Photo credit: Department of Education

School exercise advises teaching students about “drag queens”

An official document created by the HSE and the Department of Education has recommended that Junior Cycle students should be taught about “drag queens” and “cross dressers,” Gript can reveal.

The document, entitled Relationships and Sexuality Education 1, is aimed at teachers, and includes a series of classroom exercises for students regarding RSE classes.

Under the heading of “Gender and Gender Identity,” the document explains that “In this activity, students learn that while everyone has a gender identity, for some people this might be different than the gender they were assigned at birth.” It then includes a glossary of terms, including “cis-gender,” “transgender,” and “non-binary.”

The HSE text defines a “non-binary” person as someone who feels “that they are neither gender, both genders, or somewhere along a continuum.”

“Non-binary people usually prefer to be called ‘they’,” the text says.

To help students understand this topic, a cartoon video is provided about a child called Alex who “doesn’t define themselves as a boy or a girl.” This video includes an explanation of the term “genderqueer” and “genderfluid.”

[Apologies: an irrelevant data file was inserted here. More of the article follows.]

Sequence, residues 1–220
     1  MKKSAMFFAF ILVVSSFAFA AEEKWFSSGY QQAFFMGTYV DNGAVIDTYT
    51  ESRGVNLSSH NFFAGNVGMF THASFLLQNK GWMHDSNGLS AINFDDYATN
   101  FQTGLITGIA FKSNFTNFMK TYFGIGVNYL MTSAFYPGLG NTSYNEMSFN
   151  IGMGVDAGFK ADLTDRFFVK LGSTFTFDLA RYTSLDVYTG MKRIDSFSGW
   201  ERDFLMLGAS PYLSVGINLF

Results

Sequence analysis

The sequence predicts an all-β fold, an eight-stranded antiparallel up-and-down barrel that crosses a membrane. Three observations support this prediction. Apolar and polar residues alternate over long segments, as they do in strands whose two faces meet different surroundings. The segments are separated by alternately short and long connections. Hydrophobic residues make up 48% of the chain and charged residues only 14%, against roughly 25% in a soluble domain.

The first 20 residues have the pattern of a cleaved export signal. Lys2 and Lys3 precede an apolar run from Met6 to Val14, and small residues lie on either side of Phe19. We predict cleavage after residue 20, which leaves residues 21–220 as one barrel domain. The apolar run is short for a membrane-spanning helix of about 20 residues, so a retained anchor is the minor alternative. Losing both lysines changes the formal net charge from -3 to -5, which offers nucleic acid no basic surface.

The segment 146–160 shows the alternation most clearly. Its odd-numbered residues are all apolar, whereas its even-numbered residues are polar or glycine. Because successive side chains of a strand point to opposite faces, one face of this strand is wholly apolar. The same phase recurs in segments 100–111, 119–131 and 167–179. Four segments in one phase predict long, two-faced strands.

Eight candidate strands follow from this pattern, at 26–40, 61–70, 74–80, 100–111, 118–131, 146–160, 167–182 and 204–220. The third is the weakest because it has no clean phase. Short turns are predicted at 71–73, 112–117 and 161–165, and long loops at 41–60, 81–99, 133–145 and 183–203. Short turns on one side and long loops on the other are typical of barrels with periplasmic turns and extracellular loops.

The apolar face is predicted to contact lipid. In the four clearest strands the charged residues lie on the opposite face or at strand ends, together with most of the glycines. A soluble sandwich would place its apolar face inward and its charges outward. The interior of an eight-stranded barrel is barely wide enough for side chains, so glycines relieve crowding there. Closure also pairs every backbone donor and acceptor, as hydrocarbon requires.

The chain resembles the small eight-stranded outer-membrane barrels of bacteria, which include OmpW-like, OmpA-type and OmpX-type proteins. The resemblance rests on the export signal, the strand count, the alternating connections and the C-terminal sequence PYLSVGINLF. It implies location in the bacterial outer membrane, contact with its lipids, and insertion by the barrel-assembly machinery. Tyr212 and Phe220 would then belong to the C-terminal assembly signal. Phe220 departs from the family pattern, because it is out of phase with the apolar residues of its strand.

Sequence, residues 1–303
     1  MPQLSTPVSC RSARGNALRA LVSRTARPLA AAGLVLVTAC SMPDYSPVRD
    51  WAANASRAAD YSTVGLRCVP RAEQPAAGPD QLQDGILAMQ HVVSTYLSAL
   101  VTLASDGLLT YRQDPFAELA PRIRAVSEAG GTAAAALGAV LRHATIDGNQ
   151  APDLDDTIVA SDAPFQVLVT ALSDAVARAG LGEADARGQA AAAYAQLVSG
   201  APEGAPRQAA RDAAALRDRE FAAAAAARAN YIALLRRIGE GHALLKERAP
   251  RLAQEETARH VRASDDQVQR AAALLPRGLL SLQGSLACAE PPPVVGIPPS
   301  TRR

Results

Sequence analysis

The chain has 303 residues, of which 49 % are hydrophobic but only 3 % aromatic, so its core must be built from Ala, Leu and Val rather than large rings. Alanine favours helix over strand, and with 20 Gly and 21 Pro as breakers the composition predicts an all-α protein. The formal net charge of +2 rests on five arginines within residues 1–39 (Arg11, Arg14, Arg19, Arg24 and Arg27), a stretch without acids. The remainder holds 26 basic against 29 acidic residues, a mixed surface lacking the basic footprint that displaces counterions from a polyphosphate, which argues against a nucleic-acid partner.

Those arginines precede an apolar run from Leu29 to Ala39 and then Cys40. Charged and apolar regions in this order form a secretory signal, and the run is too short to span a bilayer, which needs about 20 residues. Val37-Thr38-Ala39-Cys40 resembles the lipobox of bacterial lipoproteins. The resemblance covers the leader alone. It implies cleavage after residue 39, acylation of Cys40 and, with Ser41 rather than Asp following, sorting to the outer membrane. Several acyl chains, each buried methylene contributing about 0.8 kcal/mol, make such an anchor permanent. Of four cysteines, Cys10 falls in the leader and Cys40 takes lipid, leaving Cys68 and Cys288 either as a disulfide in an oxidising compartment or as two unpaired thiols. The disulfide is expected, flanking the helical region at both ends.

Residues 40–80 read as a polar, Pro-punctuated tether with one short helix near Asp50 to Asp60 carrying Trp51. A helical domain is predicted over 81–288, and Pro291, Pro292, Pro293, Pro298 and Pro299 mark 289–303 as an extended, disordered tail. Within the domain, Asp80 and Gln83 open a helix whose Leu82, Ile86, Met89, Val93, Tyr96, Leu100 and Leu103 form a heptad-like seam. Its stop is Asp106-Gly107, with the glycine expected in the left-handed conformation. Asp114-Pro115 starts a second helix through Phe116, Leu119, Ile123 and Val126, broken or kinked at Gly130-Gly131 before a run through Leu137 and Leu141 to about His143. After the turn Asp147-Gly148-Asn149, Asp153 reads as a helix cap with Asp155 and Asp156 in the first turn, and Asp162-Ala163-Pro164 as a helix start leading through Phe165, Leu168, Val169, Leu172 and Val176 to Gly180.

The HSE text then goes on to explain that teachers can use the subject of gender as an opportunity to discuss “drag queens” and “cross dressers” in the classroom.

“Teacher’s note: When discussing gender, the terms ‘Drag queen’ and ‘Cross dresser’ may be mentioned,” the document reads.

“‘Drag queen’ refers to a person who assumes a female persona for performance. ‘Cross- dresser’ refers to a cisgender person who dresses in clothing typically worn by members of a
different sex.”

The RSE document further discusses terms such as “bisexual,” “pansexual,” “asexual,” “heternormative” and more. In addition to this, in an effort to be more “inclusive,” teachers are told to encourage students to stop using words like “boyfriend” and “girlfriend” so as not to “assume a person’s gender.”

“To further create an inclusive classroom environment, students can be encouraged to refer to
‘partners’ rather than ‘boyfriends’ or ‘girlfriends’ during discussions rather than assume a person’s
gender or sexual orientation,” the text says.

“If someone in the class makes it known that they would prefer an alternative pronoun to their assumed pronoun, it would be respectful to honour that wish.”

It later adds: “Giving students the opportunity to discuss gender identity and sexual orientation at the outset of their RSE classes encourages an inclusive classroom environment where a cisgender identity and heterosexuality are not assumed when discussing relationships.”

This document has been promoted by the HSE and Department of Education since at least 2021, and is the latest in a long string of sex education content promoted in Irish schools, as covered previously by Gript.

Irish curriculum advises teaching babies they can be transgender

Irish primary teachers discouraged from saying “boys & girls”

This publication previously asked Education Minister Norma Foley about some of the more controversial materials being taught in Irish schools, a clip of which can be viewed below.


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